Global Business Guide Indonesia

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Agriculture | Overview of Indonesia’s Dairy Industry

Indonesia’s dairy industry and dairy products industry is undergoing a boom with market demand rising by over 10% on an annual basis for the past ten years due to changing consumer habits and population growth (Nielson). While not a traditional part of the Asian diet, dairy products such as milk in fresh and powdered form as well as cheese and yoghurt are gaining popularity to become a regular feature on the shopping list for middle income families. Indonesia’s estimated per capita milk consumption is only 11.7 litres per annum which is significantly lower than 22 litres in the Philippines and 31 litres per capita in Thailand. Indonesia also has the highest rate of growth in milk consumption in the ASEAN at 4.8% per year over the period 2006-2010 (International Finance Corporation & More Link Asia Pacific). This is presenting exciting opportunities for the private sector in both the upstream and downstream segments to make up the shortfall in milk supply as well to introduce new products that appeal to the growing health consciousness of the market.

Indonesia Dairy Industry and Milk Production
Indonesia’s estimated per capita milk consumption is only 11.7 litres per annum which is significantly lower than 22 litres in the Philippines and 31 litres per capita in Thailand.

One of the key challenges currently facing the industry is the lack of supply from local dairy producers and the quality of the milk being produced. Indonesia has approximately 500,000 dairy cattle which are mainly found in small numbers and tended to by individual farmers who are members of their local dairy cooperative (Koperasi Unit Desa, KUD) (See Agriculture Overview Indonesia). Close to 97% of such farms are concentrated in West, Central and East Java with a small proportion of around 3% in Sumatra (International Finance Corporation). East Java is Indonesia’s largest dairy production base accounting for 57% of all milk production. The average productivity of cattle in Indonesia is nearly half of the international standard at 12-14 litres per day compared to around 30 litres per day (National Milk Board, DSN). This figure has increased on an annual basis over the past 5 years for dairy corporations at 42% however the average is brought down by individual producers whereby productivity has grown by only 19% (IFC). The country’s demand for milk in 2011 stood at 3.5 million MET with local producers supplying approximately 950,000 MET (DSN). This figure is set to increase to 6 million MET by 2020 in line with the current growth in demand.

Reliance on imports, mainly from Australia and New Zealand, are a concern given the country’s vast availability of land and labour for cattle farming. Only 25% of the raw materials for milk supply are produced locally with 75% coming from foreign imports to a total value of $1.3 billion USD in 2011 up from $750 million USD in 2010 (Indonesia Finance Today). The pricing and quality of the milk being produced by dairy farmers is holding back the further development of the domestic upstream dairy industry. Government subsidies for staple agricultural goods including milk in various OECD countries makes such products cheaper to import compared to locally produced fresh milk in Indonesia despite the 5% import duties and VAT applied to milk. Local, small scale producers implement suboptimal production methods such as for the feeding and nutrition of the cows as well as using domestic cattle breeds which produce inferior yields. Such producers are also failing to meet international industry standards in hygiene as they lack their own processing facilities and coordinated supply chain therefore only 12% of locally produced milk meets minimum industry standards and holds a significantly lower market value. Milk produced in Indonesia is therefore being used as a supplementary supply source in the production process as opposed to the main component of the supply chain.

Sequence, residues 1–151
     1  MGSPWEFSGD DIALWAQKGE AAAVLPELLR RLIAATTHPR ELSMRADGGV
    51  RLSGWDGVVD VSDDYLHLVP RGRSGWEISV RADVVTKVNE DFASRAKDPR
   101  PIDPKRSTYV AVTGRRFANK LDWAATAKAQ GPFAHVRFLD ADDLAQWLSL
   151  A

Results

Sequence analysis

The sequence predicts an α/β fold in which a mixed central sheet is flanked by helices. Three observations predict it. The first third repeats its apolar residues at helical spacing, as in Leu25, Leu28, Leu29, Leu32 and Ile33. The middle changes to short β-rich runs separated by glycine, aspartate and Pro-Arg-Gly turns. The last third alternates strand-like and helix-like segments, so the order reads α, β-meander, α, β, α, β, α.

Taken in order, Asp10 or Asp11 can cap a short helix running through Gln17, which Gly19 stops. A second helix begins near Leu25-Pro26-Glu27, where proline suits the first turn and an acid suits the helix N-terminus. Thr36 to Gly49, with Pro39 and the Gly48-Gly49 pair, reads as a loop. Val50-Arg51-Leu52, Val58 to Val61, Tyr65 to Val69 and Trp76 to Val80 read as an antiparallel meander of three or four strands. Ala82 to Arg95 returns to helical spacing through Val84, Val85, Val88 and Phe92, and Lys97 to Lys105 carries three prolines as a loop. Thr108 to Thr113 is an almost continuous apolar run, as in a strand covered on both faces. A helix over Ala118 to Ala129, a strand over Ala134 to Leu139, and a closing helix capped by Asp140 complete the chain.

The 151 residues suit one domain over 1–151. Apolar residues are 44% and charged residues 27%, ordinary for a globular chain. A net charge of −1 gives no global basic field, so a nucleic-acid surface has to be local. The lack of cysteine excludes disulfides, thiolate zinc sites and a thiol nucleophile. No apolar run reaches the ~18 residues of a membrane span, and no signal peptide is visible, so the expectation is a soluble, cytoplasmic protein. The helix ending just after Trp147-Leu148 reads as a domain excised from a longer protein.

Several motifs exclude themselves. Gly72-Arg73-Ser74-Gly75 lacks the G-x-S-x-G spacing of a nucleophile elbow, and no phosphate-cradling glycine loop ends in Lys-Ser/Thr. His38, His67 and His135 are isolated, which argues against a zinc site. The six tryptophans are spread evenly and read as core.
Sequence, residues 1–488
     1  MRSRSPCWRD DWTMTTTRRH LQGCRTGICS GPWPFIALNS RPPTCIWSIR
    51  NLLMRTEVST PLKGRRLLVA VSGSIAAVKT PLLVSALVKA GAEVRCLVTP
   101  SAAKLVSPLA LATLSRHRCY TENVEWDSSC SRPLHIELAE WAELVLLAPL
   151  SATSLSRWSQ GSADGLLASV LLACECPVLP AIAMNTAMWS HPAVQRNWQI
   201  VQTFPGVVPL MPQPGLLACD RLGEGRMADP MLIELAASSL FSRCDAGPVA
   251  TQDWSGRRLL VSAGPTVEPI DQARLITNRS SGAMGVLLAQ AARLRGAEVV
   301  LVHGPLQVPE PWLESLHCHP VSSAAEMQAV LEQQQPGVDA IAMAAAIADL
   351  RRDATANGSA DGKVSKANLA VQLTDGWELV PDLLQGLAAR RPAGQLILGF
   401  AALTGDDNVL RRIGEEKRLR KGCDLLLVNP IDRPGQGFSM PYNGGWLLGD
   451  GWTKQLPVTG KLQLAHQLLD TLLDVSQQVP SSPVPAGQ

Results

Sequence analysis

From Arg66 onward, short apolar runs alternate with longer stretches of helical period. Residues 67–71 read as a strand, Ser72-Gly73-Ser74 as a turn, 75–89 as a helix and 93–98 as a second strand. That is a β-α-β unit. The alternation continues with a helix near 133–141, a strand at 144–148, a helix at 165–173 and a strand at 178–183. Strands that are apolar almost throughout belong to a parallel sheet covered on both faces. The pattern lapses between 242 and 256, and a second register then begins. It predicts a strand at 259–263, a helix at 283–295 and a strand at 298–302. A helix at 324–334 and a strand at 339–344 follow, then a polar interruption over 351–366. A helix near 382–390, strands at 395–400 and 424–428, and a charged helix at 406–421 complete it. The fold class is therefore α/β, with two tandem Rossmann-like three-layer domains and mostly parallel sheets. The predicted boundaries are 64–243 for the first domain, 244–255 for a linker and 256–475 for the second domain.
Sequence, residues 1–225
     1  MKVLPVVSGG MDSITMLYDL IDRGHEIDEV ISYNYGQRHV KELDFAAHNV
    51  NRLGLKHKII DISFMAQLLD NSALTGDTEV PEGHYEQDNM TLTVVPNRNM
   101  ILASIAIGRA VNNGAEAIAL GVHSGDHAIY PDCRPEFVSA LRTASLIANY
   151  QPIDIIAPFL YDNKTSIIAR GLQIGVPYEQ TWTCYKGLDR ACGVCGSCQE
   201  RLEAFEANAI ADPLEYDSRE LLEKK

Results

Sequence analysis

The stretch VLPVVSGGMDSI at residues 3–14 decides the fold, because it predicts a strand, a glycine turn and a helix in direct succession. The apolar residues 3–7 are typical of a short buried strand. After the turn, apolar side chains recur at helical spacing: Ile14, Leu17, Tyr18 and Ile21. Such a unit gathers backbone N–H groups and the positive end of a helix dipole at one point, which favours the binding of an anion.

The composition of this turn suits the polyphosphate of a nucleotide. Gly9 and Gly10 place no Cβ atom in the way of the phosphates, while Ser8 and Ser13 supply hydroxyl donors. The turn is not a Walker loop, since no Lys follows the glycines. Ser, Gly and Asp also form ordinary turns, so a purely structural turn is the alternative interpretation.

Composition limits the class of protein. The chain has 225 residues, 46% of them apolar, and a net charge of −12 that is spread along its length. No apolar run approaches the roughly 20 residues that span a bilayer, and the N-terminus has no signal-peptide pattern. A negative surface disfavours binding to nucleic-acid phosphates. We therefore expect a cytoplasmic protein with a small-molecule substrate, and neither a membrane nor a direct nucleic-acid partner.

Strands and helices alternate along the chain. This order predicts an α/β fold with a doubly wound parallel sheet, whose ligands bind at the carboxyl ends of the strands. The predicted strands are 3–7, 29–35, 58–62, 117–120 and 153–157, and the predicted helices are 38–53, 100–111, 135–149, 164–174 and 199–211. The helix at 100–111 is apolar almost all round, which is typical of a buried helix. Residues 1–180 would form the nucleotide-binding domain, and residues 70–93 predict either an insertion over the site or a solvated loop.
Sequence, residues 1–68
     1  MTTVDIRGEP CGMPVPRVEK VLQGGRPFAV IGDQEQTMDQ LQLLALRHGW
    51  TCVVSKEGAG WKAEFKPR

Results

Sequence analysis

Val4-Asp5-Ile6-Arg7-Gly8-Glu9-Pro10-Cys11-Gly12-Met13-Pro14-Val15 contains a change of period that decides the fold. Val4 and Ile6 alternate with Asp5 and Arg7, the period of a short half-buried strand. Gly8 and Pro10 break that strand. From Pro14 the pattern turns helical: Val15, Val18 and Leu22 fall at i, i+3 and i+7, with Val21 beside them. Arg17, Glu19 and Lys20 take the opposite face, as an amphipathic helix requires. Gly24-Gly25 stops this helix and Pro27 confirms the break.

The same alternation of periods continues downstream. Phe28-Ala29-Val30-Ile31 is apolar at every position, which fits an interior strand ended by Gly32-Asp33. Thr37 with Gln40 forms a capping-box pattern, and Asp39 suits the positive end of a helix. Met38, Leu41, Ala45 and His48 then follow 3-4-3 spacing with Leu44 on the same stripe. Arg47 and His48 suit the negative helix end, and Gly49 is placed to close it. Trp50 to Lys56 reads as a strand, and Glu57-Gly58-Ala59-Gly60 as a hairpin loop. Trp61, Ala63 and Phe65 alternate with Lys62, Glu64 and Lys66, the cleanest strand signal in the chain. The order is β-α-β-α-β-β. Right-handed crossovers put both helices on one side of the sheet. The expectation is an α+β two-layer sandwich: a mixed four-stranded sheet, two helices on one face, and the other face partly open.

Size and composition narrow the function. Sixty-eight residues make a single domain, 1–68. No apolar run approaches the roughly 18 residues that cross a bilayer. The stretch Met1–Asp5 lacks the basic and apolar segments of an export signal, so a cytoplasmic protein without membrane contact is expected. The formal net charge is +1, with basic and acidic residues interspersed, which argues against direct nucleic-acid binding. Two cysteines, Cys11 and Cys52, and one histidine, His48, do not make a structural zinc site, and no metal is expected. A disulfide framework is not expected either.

Indonesia’s dairy industry is made up of around 30 corporations which are both locally incorporated multinationals as well as large scale local producers which tend to be units of consumer goods focused groups as part of an integrated supply chain. The key international players in the industry as a whole are Nestle in the liquid and powdered dairy product sector who produce 116,000 MET of milk per year, Frisian Flag in liquid and condensed milk who produce 280,000 MET of milk per year as well as Sari Husada which is part of Danone Dairy for infant nutrition and Unilever for frozen dairy products such as ice cream (IFC and World Bank, 2011). In terms of local players Indolakto, which is part of the conglomerate Indofood Sukses Makmur, is one of the largest dairy brands in Indonesia with market dominance in UHT and sterilised milk. Ultrajaya is another key player in the sector with over 3,000 dairy cattle producing 102,000 litres of milk in 2011. Other major local players and recognised dairy brands include Greenfields Indonesia which produce the Greenfields milk brand that has become the preferred choice for the middle and upper income segment and Cimory.

The last five to ten years has seen local and international dairy producers make significant investments in their livestock capacity and production facilities in preparation for the sector’s further expansion. In 2011, Indofood Sukses Makmur announced that it will be investing $130 million USD in a new milk processing facility in East Java which would increase its dairy output by 50% when it begins production at the end of 2012. Ultrajaya spent over 50% of its 2011 capex budget totalling $11.7million USD on machinery and robotics for its production facilities as well as for the purchase of 2,000 dairy cows. The company also established a joint venture with Wellard of Australia to boost its milk output. Nestle has also invested $200 million USD in a production plant for powdered milk and its popular Milo drink brand in Karawang, West Java which will begin production in the first quarter of 2013 and become fully operational in 2014. Dairy giant Fonterra of New Zealand is due to establish a dairy packing plant in Indonesia in 2012 to anticipate further demand from the domestic dairy industry.